Did Melville invent sperm-squeezing?

Once spermaceti, the oil inside the head of a sperm whale, is extracted, it begins to congeal, and in “A Squeeze of the Hand,” the 94th chapter of Moby-Dick, Herman Melville claims that sailors used to be put to work rehomogenizing the oil by hand:

When the proper time arrived, this same sperm was carefully manipulated ere going to the try-works, of which anon.

It had cooled and crystallized to such a degree, that when, with several others, I sat down before a large Constantine’s bath of it, I found it strangely concreted into lumps, here and there rolling about in the liquid part. It was our business to squeeze these lumps back into fluid. A sweet and unctuous duty!

Melville goes on to describe an ecstatic experience that overcame his narrator while engaged in sperm squeezing; that ecstasy has attracted much commentary and speculation about its possible sexual and psychological significance. The meanings that Melville invests in the task are clearly a contribution of his own. Much of the whaling practice described in the novel, though, is non-fiction. Was sperm-squeezing?

When I reviewed Eric Jay Dolin’s Leviathan for the New Yorker in 2007, I concluded that it wasn’t, but the case is a tricky one, so here’s a presentation of the evidence.

Dolin himself was agnostic, and merely quoted Melville’s description of “the experience of squeezing the lumps out of congealed spermaceti” (Dolin, p. 267). A number of nineteenth-century whaling narratives do confirm that spermaceti looks, feels, and behaves as Melville describes, though prior to the publication of Moby-Dick, none that I know of describes hands-on delumping.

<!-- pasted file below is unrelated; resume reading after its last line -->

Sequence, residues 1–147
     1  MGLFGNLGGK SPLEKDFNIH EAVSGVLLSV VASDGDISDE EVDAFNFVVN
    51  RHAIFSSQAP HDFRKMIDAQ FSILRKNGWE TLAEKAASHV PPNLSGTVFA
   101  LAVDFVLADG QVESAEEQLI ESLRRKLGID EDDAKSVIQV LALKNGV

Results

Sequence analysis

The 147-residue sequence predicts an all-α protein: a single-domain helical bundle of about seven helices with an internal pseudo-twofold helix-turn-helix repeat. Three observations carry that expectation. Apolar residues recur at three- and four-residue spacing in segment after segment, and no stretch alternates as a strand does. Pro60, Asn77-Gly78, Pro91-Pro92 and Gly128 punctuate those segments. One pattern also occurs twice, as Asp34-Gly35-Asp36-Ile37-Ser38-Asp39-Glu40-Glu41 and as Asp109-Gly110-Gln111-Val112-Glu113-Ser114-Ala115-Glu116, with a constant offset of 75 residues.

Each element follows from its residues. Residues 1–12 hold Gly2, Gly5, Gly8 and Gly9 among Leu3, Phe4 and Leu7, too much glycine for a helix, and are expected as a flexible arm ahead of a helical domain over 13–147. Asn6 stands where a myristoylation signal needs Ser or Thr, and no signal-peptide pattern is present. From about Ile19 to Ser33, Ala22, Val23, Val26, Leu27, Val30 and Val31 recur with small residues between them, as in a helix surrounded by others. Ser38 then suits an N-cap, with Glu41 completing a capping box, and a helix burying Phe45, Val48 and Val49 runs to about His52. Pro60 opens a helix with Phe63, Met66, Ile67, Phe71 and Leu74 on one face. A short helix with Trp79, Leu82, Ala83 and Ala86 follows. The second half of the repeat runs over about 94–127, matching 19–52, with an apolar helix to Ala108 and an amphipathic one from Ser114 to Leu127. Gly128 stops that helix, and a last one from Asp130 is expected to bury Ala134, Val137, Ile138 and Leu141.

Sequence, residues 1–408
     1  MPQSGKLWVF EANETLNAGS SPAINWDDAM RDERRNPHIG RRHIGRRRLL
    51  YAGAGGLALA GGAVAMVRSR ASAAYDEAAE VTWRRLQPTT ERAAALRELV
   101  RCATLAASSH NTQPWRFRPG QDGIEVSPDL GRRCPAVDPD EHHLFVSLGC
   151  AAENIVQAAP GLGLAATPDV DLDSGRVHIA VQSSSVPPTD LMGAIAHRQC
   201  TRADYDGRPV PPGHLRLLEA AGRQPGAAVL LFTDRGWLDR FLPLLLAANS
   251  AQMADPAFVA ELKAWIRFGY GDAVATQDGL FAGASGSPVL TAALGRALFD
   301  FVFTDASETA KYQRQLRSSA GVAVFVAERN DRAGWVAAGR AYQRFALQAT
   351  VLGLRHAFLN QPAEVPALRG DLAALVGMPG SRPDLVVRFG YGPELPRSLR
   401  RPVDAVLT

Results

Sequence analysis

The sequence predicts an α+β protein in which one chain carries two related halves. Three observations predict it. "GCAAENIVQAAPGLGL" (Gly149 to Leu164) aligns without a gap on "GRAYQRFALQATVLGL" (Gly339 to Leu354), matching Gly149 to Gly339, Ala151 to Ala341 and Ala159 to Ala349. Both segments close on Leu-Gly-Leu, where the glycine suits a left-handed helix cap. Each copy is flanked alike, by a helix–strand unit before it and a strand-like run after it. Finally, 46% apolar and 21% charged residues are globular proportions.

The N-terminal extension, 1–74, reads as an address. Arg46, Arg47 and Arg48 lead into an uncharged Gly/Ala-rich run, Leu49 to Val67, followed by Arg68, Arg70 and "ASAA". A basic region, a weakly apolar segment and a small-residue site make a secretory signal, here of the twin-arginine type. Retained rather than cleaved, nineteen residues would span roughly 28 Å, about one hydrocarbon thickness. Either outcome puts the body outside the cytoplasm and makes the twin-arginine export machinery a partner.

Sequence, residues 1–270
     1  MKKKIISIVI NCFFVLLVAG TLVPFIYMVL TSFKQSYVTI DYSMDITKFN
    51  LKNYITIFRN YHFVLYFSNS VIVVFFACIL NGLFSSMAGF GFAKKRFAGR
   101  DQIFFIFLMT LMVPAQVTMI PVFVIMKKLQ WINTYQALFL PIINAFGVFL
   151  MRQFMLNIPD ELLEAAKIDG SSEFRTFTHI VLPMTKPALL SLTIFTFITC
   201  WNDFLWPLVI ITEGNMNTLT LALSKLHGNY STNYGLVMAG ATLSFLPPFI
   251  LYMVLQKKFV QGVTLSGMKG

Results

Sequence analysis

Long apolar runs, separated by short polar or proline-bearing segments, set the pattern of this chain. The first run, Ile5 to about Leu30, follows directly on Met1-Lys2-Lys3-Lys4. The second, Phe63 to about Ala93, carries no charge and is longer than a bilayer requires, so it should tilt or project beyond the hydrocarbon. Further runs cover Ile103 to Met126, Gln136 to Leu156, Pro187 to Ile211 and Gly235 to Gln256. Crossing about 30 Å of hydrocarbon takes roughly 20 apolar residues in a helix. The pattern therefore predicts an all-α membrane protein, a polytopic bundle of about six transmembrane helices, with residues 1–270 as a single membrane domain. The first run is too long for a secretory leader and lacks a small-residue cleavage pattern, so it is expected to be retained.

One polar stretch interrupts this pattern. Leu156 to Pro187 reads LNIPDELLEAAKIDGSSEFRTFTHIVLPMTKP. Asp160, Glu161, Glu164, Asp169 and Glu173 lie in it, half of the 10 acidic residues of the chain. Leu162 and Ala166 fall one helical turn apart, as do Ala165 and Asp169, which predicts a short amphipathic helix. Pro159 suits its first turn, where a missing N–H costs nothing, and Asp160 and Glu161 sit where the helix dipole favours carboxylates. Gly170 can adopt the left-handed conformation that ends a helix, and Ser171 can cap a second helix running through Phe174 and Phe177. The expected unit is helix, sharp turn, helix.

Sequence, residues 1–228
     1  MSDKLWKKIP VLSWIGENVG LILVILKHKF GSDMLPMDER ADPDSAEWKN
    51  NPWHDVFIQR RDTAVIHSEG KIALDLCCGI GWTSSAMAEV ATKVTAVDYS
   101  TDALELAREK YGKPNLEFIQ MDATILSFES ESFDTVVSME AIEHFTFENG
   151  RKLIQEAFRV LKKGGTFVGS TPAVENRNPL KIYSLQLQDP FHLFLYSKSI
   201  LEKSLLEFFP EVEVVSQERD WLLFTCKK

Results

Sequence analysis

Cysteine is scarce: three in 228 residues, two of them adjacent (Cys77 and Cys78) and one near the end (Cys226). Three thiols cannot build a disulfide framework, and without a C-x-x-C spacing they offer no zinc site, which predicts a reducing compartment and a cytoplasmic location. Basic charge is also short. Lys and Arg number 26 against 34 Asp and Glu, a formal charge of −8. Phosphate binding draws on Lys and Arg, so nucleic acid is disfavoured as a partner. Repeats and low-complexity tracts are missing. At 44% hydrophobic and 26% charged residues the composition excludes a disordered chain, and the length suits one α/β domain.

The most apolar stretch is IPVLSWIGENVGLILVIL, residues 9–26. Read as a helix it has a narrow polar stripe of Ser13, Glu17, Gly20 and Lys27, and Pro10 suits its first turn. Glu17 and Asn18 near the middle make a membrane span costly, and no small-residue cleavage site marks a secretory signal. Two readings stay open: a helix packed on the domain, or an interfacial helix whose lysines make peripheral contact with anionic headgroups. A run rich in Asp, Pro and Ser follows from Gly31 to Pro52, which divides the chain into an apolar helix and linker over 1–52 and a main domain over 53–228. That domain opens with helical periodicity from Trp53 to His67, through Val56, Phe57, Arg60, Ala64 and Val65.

In Incidents of a Whaling Voyage (1841), for example, Francis Allyn Olmsted writes:

The case [the head of the whale] is surrounded by a thick wall of a white, gristly substance, termed by the whalers “white horse;” the cavity is lined with a yellowish fat, and is filled with oil of a very superior quality, which, when warm, is perfectly limpid, but concretes in beautiful white masses, if allowed to become cold, or as it drips upon the water. (p. 65)

Olmsted goes on to say that “The head oil and fat are immediately committed to the try-pots”—cauldrons where the fat is purified by high heat. He makes no mention of physical manipulation.

According to William Scoresby’s Account of the Arctic Regions (1820), head oil wasn’t passed through try-pots before it was stored: “The head-matter congeals when it is cold; it is put into casks in its crude state, and refined on shore at the conclusion of the voyage” (vol. 2, pp. 534-35). In Whaling and Fishing, published in 1856, Charles Nordhoff also describes storing case oil immediately, without boiling it first in try-pots:

Meantime the case was opened; a man being placed in the large opening, the pure and beautifully white spermacetti was bailed out with a bucket constructed for that purpose. It is quite fluid when first taken out, but quickly congeals on exposure to air. It is at once placed in new casks, which are duly marked “case.” (p. 127)